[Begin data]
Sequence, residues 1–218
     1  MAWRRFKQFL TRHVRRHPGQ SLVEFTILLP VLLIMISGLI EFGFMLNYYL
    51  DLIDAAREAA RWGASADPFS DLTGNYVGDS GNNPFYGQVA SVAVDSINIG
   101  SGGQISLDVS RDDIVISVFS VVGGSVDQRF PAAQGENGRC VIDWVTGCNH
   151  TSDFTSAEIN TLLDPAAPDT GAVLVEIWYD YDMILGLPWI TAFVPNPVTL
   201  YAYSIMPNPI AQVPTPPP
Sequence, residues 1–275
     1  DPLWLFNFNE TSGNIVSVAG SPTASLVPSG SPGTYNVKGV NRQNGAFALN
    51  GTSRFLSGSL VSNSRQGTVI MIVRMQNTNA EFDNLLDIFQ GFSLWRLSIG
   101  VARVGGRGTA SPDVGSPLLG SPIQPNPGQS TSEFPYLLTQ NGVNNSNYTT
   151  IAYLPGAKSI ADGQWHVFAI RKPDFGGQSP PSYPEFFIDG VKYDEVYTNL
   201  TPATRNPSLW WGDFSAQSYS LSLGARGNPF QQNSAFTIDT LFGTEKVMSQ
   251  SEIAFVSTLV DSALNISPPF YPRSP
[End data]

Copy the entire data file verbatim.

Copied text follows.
Sequence, residues 1–218
     1  MAWRRFKQFL TRHVRRHPGQ SLVEFTILLP VLLIMISGLI EFGFMLNYYL
    51  DLIDAAREAA RWGASADPFS DLTGNYVGDS GNNPFYGQVA SVAVDSINIG
   101  SGGQISLDVS RDDIVISVFS VVGGSVDQRF PAAQGENGRC VIDWVTGCNH
   151  TSDFTSAEIN TLLDPAAPDT GAVLVEIWYD YDMILGLPWI TAFVPNPVTL
   201  YAYSIMPNPI AQVPTPPP
Sequence, residues 1–275
     1  DPLWLFNFNE TSGNIVSVAG SPTASLVPSG SPGTYNVKGV NRQNGAFALN
    51  GTSRFLSGSL VSNSRQGTVI MIVRMQNTNA EFDNLLDIFQ GFSLWRLSIG
   101  VARVGGRGTA SPDVGSPLLG SPIQPNPGQS TSEFPYLLTQ NGVNNSNYTT
   151  IAYLPGAKSI ADGQWHVFAI RKPDFGGQSP PSYPEFFIDG VKYDEVYTNL
   201  TPATRNPSLW WGDFSAQSYS LSLGARGNPF QQNSAFTIDT LFGTEKVMSQ
   251  SEIAFVSTLV DSALNISPPF YPRSP